long before [the Great Commission] another great commission was given to all men, whether saved or unsaved, merely by virtue of being men created by God in His image. It also had worldwide scope, and has never been rescinded. It had to do with implementing God’s purpose in His work of creation, just as Christ’s commission was for implementing His work of salvation and reconciliation. (Henry M. Morris, The Biblical Basis for Modern Science (Grand Rapids, MI: Baker Book House, 1984), 41.)

Morris says that the command to subdue the earth means “bringing all earth’s systems and processes into a state of optimum productivity and utility, offering the greatest glory to God and benefit to mankind.” (Morris, The Biblical Basis for Modern Science, 41.) So then, there is nothing unusual about advocating dominion based on Genesis 1:26–28. Even some dispensationalists support it.

Second, contrary to Bowman, non-Reconstructionists have seen a relationship between the “dominion mandate” of Genesis and the Great Commission of Matthew 28:18–20. Dr. Harold John Ockenga, in his Introduction to Carl F. H. Henry’s The Uneasy Conscience of Modern Fundamentalism, wrote the following in 1947:

A Christian world- and life-view embracing world questions, societal needs, personal education ought to rise out of Matt. 28:18–21 as much as evangelism does. Culture depends on such a view, and Fundamentalism is prodigally dissipating the Christian culture accretion of centuries, a serious sin. A sorry answer lies in the abandonment of social fields to the secularist. (Harold J. Ockenga, “Introduction,” in Carl F. H. Henry, The Uneasy Conscience of Modern Fundamentalism (Grand Rapids, MI: Eerdmans, 1947), 14.)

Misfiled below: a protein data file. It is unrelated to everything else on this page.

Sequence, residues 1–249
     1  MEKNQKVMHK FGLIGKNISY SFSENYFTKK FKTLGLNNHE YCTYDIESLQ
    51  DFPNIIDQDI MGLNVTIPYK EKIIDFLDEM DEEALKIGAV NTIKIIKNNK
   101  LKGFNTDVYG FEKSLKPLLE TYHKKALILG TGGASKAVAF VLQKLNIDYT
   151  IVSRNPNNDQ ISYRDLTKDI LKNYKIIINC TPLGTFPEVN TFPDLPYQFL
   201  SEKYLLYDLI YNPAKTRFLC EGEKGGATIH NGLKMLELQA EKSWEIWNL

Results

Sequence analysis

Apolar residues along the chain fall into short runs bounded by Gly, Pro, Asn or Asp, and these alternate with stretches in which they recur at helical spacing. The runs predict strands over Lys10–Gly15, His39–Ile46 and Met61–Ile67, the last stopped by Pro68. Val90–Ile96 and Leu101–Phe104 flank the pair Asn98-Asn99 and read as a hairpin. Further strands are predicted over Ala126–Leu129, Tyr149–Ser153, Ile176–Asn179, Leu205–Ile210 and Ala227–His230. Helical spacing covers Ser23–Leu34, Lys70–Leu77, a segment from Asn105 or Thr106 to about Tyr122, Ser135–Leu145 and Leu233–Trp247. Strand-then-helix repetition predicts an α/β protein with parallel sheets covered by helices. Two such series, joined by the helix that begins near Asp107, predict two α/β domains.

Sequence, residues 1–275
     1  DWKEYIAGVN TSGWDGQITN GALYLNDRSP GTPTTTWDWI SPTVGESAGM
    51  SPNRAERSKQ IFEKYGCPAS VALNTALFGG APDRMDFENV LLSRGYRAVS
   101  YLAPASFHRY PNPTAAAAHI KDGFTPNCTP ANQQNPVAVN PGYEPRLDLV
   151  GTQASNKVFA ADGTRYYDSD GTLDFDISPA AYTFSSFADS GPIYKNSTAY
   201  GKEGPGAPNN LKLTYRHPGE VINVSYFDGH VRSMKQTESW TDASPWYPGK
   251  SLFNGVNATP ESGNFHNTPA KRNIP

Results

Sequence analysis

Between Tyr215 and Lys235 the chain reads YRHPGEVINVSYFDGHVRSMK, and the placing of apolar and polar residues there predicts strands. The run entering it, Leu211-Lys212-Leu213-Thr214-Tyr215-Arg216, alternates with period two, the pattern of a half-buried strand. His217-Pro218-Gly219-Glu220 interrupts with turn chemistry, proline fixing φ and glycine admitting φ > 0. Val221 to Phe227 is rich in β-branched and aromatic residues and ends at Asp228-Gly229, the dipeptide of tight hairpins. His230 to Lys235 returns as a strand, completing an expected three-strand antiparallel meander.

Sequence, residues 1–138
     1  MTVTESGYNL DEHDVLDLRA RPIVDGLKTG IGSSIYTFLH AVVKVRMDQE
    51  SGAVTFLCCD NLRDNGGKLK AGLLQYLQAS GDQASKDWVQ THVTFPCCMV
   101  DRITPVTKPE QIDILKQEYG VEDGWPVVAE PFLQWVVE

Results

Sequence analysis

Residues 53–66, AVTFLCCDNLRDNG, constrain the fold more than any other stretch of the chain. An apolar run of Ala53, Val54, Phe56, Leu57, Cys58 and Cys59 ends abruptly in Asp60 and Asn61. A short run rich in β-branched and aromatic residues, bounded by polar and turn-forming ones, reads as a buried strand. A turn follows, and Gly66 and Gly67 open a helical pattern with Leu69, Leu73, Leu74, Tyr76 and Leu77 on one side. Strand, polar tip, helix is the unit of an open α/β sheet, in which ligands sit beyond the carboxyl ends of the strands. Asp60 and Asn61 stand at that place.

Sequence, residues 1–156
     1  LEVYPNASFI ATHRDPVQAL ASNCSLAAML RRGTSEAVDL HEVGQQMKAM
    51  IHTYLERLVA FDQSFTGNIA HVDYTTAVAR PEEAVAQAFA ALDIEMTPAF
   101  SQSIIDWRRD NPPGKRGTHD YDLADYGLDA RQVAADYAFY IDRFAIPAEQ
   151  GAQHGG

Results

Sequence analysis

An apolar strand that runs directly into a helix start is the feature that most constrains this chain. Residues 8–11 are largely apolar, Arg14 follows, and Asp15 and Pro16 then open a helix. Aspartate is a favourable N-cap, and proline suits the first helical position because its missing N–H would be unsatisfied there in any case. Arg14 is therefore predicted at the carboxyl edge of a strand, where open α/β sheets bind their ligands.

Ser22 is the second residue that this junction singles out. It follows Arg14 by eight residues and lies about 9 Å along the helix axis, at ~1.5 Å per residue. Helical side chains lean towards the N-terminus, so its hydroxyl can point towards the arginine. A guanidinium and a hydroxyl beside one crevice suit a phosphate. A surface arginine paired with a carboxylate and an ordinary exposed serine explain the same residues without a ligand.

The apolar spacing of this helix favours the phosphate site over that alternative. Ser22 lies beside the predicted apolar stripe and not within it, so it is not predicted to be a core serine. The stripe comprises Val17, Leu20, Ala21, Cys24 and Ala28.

As you probably know, there is a lot more literature on this topic. The above two sources immediately come to mind. With a little more research, I could find a lot more. (For example, J. Gresham Machen, “Christianity and Culture,” originally published in The Princeton Theological Review, Vol. IX, 1913 and Henry R. Van Til, The Calvinistic Concept of Culture (Grand Rapids, MI: Baker Book House, 1959). But, of course, this does nothing to refute Mr. Bowman’s assertion that there is no such mandate. Just because other theologians believe the Bible teaches a doctrine does not make it true. It’s a bit misleading, however, in leaving the impression that the dominion mandate is a manufactured doctrine of Reconstructionism.